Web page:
MOSCOW -- Capitalism creeps into the Soviet Union on tiny quiet feet. While the political elephants lock tusks over the legalization and practice of private enterprise here, will-be Soviet entrepreneurs scurry softly beneath the battle, creating markets in the falling citadels of communism.
Communism is to the Soviet Union what banks were to Willie Sutton. That is where the money is. The Communist Party has monopolized the assets and much of the talent of this multinational empire for the past seven decades. The embryonic capitalist system taking form here will rise from the debris of the Communist crackup.
"Everyone I work with is figuring out whether to be a manager for a foreign company or to carve out a piece of ownership of something owned now by the state agency when the changeover comes," a middle-level official confidently tells me over lunch in a for-profit cooperative restaurant.
The sense of the real economic change that is occurring even as Gorbachev and his orthodox Communist opponents debate a political formula to permit that change has touched virtually everything I have done in a week's visit to Moscow. The conference that brought me here was to center on the media after the Cold War, but it quickly became a brainstorming session on the transition from communism to a market economy.
The site of the conference was another small sign of the change in priorities that is occurring. I type this report in the Hotel Oktyabrskaya, one of the party's holiest of holies. Modern and comfortable (two words that are alien to Moscow hotel life), it was once strictly reserved for Central Committee members and fellow high-ranking party dignitaries from abroad.
It still requires official pull to get into the Oktyabrskaya, which is generously staffed with private nurses ready to respond to an emergency call from the aged commissars who normally stay here. But the owner -- the Communist Party -- will rent a modest single that was once the preserve of visiting Cuban comrades for $180, while a general secretary-style suite goes for $500 a night.
Across town near Pushkin Square, another former Central Committee hotel now caters to guests who pay in foreign currency. State-owned dachas in the countryside can now be rented on an annual basis by foreign businessmen. A commercial radio station set up by a French network now broadcasts on transmitters formerly used for jamming Western stations.
The one functioning free market in the Soviet Union is in fact the media, thanks to the crusading magazines and newspapers that have become popular and profitable in the era of glasnost. The magazine Oganyok and The Moscow News newspaper have recently thrown off party ownership and registered as independently owned enterprises.
They have also become increasingly critical of Gorbachev as their readers have grown weary of food shortages and confusion about the Soviet leader's aims. Continuing to support Gorbachev without reservation would have undoubtedly meant the massive loss of readers still experimenting with new publications. The newly independent press appears to have chosen the market instead.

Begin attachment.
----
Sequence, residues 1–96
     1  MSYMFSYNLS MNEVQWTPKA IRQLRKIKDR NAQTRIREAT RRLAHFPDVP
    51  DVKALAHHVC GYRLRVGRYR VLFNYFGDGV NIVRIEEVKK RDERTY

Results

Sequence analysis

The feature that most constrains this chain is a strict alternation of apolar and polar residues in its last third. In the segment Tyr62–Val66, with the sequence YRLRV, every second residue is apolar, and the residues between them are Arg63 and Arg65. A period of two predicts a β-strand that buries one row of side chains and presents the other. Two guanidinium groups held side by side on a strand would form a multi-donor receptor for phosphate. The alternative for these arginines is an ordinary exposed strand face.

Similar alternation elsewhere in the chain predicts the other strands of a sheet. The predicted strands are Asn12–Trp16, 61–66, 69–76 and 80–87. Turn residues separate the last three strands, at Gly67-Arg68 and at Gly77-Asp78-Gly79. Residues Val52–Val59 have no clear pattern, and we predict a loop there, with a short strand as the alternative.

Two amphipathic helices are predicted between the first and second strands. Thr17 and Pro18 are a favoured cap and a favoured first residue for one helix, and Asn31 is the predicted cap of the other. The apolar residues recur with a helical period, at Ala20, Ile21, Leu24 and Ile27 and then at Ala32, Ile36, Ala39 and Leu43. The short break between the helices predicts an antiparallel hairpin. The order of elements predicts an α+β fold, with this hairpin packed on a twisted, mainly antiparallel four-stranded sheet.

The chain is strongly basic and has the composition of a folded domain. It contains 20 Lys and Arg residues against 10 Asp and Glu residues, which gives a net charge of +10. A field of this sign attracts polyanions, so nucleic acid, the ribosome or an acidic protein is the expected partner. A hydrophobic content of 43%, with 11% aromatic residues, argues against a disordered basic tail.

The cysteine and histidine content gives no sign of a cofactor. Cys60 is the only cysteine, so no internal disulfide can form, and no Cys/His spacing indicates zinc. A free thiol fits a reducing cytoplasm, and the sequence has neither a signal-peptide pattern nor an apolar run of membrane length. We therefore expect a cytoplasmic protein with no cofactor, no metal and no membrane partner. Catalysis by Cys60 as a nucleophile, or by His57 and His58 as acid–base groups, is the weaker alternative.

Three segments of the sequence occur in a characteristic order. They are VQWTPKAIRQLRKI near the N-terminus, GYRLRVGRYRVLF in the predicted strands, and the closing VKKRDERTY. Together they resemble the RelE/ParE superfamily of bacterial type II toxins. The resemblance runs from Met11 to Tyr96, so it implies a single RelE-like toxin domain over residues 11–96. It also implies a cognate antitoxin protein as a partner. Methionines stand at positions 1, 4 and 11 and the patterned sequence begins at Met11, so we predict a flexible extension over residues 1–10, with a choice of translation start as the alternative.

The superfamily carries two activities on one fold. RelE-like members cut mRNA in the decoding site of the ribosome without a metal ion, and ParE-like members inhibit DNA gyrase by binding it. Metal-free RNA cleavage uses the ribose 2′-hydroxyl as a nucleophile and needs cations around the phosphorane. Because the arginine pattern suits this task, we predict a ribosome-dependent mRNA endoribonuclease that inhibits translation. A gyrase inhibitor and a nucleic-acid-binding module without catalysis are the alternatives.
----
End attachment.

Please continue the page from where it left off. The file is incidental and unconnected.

The model of managers converting state enterprises into private and profitable concerns will not work for many of the Soviet Union's outdated and undercapitalized businesses and industries. But an injection of the profit motive into others could salvage them and create a nucleus of entrepreneurs around which a new system could be built.
Gorbachev continues to be fuzzy about legalizing private property and making the profit motive the motor of the Soviet economy. He puts forward proposals leading in the direction of private ownership, and then retreats when orthodox opposition surfaces.
The result is disillusionment and confusion. No one can be sure whether national, state or local authorities own the land, buildings and machinery that will eventually be privatized. The few hardy American businessmen who try to operate in this atmosphere despair at times in their inability to get any definitions, much less clear ones, out of the system.
The Soviet entrepreneurs of tomorrow, however, are taking advantage of the confusion at the top to begin building at the bottom. They read Gorbachev's hesitations as tactical retreats that wind up moving the Soviet Union closer to a private property system. Gorbachev's agenda at this point may boil down to buying time for such bottom-up change to occur.
This is an inherently unstable process, as China's 1989 crackdown on its reformers demonstrated. The contrast a visitor finds here between the ideological rigidity of the orthodox forces and the spreading vision of a quick and sweeping conversion to free enterprise is reminiscent of the heady days of the Tiananmen protests in Beijing. If anything, the contrast is even more pronounced here.
But Gorbachev has the lesson of the Tiananmen explosion before him. He has shrewdly dismantled most of the political power bases that the orthodox forces once dominated. He may be able to channel the spreading anxiety and frustration to create pressures for a rapid opening to private enterprise. That would enable him to salvage one of the Communist system's most impressive assets for the future: himself.